Florence of Worcester Continuation. 1127. A synod held at Westminster. William (age 57), archbishop of Canterbury, convened a general synod of all the bishops and abbots, and some men of religion from all parts of England, at the monastery of St. Peter, situated in the western part of London. At this synod he himself presided as archbishop of Canterbury and legate of the apostolic see; assisted by William, bishop of Winchester, Roger of Salisbury, William of Exeter, Hervey of Ely, Alexander of Lincoln, Everard of Norwich, Sigefrid of Chichester, Richard of Hereford, Geoffrey of Bath, John of Rochester, Bernard of St. David's in Wales, Urban of Glamorgan of Llandaff (age 51), and David of Bangor. Richard, bishop of London, and Robert, bishop of Chester1, were then dead, and no successors had yet been appointed to their sees. But Thurstan (age 57), archbishop of York, sent messengers with letters assigning reasonable cause for his non-appearance at the convocation. Ralph (age 67), bishop of Durham, fell sick on the road, and was not able to complete the journey, as the prior of his church and the clerks whom he sent forward solemnly attested. Simon, bishop of Worcester, had gone to visit his relations beyond seas, and was not yet returned. Great multitudes, also, of the clergy and laity, both rich and poor, flocked together, and there was a numerous and important meeting. The council sat for three days, namely, the third of the ides [the 13th] of May, the following day, and the third day afterwards, being the seventeenth of the calends of June [16th May]. There were some proceedings with respect to secular affairs; some were determined, some adjourned, and some withdrawn from the hearing of the judges, on account of the disorderly conduct of the immense crowd. But the decrees and statutes made in this synod by common consent of the bishops we have thought it desirable to record in this work, as they were there publicly declared and accepted. They are these:-

I. We wholly prohibit, by the authority of St. Peter, prince of the apostles, and our own, the buying and selling of any ecclesiastical benefices, or any ecclesiastical dignities whatever. Whoever shall be convicted of having violated this decree, if he be a clerk, or even a regular canon, or a monk, let him be degraded from his order; if a layman, let him be held outlawed and excommunicated, and be deprived of his patronage of the church or benefice.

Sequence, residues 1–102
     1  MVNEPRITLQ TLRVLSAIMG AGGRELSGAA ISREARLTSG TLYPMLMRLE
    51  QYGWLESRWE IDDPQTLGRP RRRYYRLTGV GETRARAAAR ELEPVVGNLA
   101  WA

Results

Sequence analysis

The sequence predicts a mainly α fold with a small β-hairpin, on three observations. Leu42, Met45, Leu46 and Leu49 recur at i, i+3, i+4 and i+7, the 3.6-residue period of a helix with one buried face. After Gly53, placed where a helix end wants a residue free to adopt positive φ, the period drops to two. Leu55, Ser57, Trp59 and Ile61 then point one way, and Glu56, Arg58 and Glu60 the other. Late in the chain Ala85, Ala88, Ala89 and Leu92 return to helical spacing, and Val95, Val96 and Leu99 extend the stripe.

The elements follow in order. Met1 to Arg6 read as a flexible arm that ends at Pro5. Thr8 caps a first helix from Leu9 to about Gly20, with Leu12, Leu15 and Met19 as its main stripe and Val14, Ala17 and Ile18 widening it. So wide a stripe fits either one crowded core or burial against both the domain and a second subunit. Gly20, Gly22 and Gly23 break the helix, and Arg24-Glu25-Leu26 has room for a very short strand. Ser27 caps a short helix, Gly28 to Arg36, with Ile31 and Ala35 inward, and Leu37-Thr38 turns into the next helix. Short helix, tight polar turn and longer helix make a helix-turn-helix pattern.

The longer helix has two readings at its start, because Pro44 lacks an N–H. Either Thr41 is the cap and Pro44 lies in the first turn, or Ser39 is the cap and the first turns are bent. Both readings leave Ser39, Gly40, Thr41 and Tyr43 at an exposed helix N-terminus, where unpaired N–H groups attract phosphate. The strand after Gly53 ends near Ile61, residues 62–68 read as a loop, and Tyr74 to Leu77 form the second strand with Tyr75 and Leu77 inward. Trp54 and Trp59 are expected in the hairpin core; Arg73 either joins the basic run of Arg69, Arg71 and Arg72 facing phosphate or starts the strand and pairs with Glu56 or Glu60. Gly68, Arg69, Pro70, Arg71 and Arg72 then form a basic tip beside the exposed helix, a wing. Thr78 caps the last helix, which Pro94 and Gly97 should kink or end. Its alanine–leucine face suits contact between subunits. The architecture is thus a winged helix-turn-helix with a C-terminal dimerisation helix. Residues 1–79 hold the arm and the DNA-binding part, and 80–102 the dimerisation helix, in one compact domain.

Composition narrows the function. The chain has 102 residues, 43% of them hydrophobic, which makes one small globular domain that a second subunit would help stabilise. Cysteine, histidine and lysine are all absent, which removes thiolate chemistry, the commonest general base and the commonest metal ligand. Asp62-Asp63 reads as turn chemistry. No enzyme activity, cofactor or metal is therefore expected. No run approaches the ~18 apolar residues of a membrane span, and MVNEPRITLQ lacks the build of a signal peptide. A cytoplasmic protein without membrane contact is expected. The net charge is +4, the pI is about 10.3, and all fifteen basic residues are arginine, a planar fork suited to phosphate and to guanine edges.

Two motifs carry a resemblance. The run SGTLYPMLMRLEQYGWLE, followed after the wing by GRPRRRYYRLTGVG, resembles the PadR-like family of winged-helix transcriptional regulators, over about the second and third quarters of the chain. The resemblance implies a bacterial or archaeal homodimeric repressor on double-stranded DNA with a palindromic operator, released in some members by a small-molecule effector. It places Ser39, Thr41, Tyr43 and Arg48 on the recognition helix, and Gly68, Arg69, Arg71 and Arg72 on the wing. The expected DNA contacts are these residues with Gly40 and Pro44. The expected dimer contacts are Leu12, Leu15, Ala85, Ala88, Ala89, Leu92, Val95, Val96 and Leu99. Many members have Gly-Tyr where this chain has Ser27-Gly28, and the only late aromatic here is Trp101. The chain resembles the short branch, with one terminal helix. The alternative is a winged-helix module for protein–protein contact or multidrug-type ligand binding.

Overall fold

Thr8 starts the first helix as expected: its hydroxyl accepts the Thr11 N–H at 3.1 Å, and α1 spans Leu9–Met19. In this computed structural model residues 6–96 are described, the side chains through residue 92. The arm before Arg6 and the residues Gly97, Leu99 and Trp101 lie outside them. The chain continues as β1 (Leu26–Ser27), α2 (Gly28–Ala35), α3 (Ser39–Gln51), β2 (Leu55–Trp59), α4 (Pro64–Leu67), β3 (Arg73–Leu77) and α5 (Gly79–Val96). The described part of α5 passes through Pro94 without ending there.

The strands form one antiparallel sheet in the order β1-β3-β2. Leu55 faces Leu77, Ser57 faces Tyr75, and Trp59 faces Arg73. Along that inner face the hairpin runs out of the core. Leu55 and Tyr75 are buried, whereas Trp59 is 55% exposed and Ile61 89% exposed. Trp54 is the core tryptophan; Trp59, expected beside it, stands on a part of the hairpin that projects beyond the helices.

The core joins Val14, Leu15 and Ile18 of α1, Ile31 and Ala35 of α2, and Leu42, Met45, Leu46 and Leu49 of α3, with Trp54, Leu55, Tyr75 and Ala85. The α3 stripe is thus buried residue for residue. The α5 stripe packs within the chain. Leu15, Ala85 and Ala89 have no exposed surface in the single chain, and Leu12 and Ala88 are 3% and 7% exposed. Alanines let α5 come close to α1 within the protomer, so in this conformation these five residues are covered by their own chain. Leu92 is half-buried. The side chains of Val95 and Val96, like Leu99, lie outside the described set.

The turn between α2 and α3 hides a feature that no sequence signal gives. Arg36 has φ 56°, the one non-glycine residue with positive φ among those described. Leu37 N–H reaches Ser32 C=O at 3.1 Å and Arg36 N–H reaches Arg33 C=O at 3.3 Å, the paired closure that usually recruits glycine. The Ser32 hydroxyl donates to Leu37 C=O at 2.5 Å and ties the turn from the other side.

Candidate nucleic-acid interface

II. We totally interdict, by the authority of the apostolic see, the ordination or promotion of any person in the church of God, for the sake of lucre.

III. We condemn certain payments of money exacted for the admission of canons, monks, and nuns.

IV. No one shall be appointed a dean but a priest, and no one but a deacon, archdeacon. If any one in minor orders be named to these dignities he shall be enjoined by the bishop to take the orders required. But if he disobey the bishop's monition to take such orders, he shall lose his appointment to the dignity.

V. We utterly interdict all illicit intercourse with women, as well by priests, deacons, and sub-deacons, as by all canons. If, however, they will retain their concubines (which God forbid), or their wives, they are to be deprived of their ecclesiastical orders, their dignity, and benefice. If there be any such among parish priests, we expel them from the chancel, and declare them infamous. Moreover, we command, by the authority of God and our own, all archdeacons and officials, whose duty it is, to use the utmost care and diligence in eradicating this deadly evil from the church of God. If they be found negligent in this, or (which God forbid) consenting thereto, they are for the first and second offence to be duly corrected by the bishops, and for the third to be punished more severely, according to the canons.